Daines has faced criticism for not holding an in-person town hall this year. Montanans can join his event by texting “SenatorDaines” to 828282 or by calling any of Daines’ offices to register.
On Thursday, groups that have been critical of what the Republican health care bill would mean for Montana said the Senate version makes no improvements to what they project to be devastating cuts to Medicaid.
After a preliminary review of the bill, Aaron Wernham, the CEO of Montana Health Care Foundation, said the two main concerns for Montana — the federal enhanced matching funds for Medicaid expansion and the per capita cap on how much the federal government will pay for Medicaid enrollees — are still in the Senate bill.
The Senate bill offers more of a step-down in an enhanced federal match for Medicaid expansion, but the program would still come to an end, Wernham said. Under the House bill, the enhanced match would end in 2020, while in the Senate bill it would be phased out by 2024.
The Senate bill also ties its cap on Medicaid spending to the overall Consumer Price Index, which is generally lower than the medical Consumer Price Index the House bill linked the cap on spending to. That means the cap would be lower, representing a drop in the amount of money coming into Montana for Medicaid.
The Montana Health Care Foundation has focused its analysis of the bill on Medicaid because it serves a vulnerable population, Wernham said.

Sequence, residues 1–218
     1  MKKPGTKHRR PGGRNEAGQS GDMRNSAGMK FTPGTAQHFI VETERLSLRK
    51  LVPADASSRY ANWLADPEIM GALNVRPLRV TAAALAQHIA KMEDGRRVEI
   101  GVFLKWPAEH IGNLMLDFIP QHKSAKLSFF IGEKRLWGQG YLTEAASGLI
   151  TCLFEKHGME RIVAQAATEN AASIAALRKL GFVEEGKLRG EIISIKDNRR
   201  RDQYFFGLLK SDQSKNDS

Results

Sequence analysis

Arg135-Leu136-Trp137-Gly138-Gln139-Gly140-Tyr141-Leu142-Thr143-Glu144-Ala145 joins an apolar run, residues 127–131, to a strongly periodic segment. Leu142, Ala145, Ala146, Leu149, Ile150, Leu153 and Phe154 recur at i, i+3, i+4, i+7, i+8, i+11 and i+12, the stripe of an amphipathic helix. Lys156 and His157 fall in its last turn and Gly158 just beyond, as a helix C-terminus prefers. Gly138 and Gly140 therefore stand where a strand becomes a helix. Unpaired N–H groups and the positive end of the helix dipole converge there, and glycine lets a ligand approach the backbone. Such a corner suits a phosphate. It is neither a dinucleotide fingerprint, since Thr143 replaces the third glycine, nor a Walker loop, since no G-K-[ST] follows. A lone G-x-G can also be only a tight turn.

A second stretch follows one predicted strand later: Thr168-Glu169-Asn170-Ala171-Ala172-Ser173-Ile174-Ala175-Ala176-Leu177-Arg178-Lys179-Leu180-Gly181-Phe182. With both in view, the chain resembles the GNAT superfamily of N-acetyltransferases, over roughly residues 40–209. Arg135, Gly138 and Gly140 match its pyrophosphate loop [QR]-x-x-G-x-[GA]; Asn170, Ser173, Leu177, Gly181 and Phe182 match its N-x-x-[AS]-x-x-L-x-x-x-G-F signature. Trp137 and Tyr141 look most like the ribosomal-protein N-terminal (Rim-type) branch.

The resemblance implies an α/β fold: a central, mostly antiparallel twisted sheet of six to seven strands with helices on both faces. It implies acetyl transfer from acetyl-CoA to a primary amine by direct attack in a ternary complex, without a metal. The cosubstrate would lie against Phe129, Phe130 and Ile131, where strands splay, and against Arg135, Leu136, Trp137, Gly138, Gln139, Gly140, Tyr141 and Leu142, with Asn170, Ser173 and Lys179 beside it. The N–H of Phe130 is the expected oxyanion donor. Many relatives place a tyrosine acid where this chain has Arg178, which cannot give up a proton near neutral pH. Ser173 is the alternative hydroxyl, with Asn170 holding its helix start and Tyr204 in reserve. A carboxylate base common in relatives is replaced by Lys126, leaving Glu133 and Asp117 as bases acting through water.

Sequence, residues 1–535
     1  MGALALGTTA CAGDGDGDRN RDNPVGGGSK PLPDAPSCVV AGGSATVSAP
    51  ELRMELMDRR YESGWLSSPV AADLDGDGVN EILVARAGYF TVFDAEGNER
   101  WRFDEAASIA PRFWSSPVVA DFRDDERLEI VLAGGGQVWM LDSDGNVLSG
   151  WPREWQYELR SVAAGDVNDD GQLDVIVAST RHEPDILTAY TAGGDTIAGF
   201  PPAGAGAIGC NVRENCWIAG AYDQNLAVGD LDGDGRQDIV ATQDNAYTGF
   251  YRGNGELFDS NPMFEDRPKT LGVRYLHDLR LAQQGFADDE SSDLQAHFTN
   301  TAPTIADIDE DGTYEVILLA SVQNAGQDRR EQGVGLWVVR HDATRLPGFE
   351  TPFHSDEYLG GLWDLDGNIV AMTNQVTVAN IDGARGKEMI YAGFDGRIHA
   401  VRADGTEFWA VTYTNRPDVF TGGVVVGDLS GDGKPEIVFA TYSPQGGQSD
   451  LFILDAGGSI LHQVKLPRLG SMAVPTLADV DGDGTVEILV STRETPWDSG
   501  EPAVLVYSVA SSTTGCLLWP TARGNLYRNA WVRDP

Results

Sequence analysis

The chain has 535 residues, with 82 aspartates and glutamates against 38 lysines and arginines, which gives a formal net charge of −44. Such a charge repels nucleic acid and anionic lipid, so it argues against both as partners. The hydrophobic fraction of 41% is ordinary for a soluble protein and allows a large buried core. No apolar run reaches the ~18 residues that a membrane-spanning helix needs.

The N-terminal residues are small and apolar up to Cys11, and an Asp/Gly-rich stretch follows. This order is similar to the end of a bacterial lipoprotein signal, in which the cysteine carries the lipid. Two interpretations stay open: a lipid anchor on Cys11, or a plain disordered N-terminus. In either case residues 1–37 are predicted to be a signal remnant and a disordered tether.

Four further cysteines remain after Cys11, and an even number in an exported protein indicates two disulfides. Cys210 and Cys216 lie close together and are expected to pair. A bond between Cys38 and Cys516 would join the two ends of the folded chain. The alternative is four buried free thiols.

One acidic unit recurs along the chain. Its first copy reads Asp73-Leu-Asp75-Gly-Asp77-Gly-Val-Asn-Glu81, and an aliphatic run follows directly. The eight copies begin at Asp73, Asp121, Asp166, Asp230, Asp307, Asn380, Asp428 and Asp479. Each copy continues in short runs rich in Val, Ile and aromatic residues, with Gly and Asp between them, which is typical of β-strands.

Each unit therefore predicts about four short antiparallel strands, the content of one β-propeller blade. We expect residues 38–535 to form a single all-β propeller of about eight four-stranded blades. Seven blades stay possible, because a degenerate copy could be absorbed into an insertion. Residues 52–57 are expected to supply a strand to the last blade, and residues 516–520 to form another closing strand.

In 2015 Montana became one of 32 states that chose to expand access to Medicaid to those earning up to 138 percent of the federal poverty level under the Affordable Care Act. More than 79,000 Montanans are covered under expansion.
The Montana Budget and Policy Center has also been an outspoken opponent of the bill.
“Make no mistake: the Senate bill is just as devastating as the widely unpopular House-passed bill and sends us back to a time when health care was out of reach for many in our state,” said Heather O’Loughlin, co-director of the nonprofit. “The bill will end Montana’s Medicaid expansion plan and cut assistance for average Montanans trying to access affordable health insurance, all to pay for massive tax cuts for the wealthiest Americans. This bill could be life or death for many Montanans, as lower-income, rural, older, and sicker Montanans risk losing affordable coverage.”
Compared to the House version, the Senate version of the bill expands tax credits to help offset the cost of buying insurance on marketplaces, but the credits are still below what’s in the Affordable Care Act. The revised Senate bill also cuts off support at 350 percent of the federal poverty line, which hits older Montanans.
The Senate bill raises the amount middle-income people would pay for coverage. For example, a 60-year-old who makes $35,000, which is 300 percent of the federal poverty level, would have to pay 16.2 percent of their income in premiums under the Senate bill. Under the Affordable Care Act, that number was 9.69 percent.